The thing about Pastor Buckley was that he stood no nonsense, but he loved the children so much that they trusted and respected him entirely. He never had the slightest trouble with discipline, no matter the size of his child audience. I do not know how it was with other children, because I didn't pay much attention to other children, but I knew that I could tell that he loved me, personally. He watched me grow up to the age of about fourteen or fifteen, when I saw him last. At that time he was still doing the 11 and 12-year-old weeks. I was a worker at camp. That meant, if I could stand the rather physically strenuous regimen, and if I didn't do anything to get myself in trouble, that I could stay there and work all summer long. I remember now playing a piano solo one of those years for chapel. And Pastor Buckley said to the whole group, "I remember Lydia when she was little. All the other kids picked on her. And look at her now." Little did he know (or maybe he did know, after all) that there was still more than a bit of tension between me and my peers. I still had a long way to go to grow up. But the unconditional love and pride in his voice made me feel that I'd come a long way already, and it helped me to keep going.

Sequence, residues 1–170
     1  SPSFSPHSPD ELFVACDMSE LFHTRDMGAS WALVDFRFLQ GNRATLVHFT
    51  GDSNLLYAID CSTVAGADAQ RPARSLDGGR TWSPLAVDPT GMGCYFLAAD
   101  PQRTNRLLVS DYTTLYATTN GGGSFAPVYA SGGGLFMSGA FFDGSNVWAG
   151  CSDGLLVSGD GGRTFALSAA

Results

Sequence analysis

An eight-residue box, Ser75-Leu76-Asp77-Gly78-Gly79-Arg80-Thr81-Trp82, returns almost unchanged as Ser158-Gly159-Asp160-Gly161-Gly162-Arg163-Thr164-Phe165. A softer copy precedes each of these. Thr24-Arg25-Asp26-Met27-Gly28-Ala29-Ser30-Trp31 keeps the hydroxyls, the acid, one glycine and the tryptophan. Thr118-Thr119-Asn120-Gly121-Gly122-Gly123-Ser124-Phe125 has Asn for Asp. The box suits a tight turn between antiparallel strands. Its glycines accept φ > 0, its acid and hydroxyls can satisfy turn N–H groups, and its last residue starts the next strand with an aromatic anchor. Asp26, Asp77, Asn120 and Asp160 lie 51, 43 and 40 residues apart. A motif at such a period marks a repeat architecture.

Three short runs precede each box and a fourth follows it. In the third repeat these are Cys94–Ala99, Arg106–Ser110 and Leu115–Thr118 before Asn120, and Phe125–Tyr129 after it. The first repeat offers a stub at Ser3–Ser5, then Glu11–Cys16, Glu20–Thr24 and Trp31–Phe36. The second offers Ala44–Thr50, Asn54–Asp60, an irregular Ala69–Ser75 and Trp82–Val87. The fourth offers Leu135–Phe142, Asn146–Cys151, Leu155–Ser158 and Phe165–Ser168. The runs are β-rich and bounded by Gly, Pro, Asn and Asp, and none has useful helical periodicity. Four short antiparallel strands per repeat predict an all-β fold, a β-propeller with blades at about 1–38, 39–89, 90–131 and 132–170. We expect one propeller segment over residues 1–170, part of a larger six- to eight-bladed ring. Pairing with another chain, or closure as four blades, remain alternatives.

May God bless all His servants, including Pastor Buckley, who work to bring children to a knowledge of Himself.
Update: I've managed to scan and upload, above, a different picture from the one I describe. The scan of the black and white turned out very fuzzy, and this one is better. I suppose I am ten or eleven here. The quality still is a bit fuzzy. I see from the picture that Pastor Buckley is not wearing the trademark white button-up shirt here, so obviously my memory on that point was faulty.
Update #2: Commentator Lori, below, reminds me, and my parents confirm, that Pastor Buckley's dummy was named Daniel, not Charlie. Extra Thoughts is happy to correct the error, and it's really neat to have someone stop by whose life was also touched by Pastor Buckley.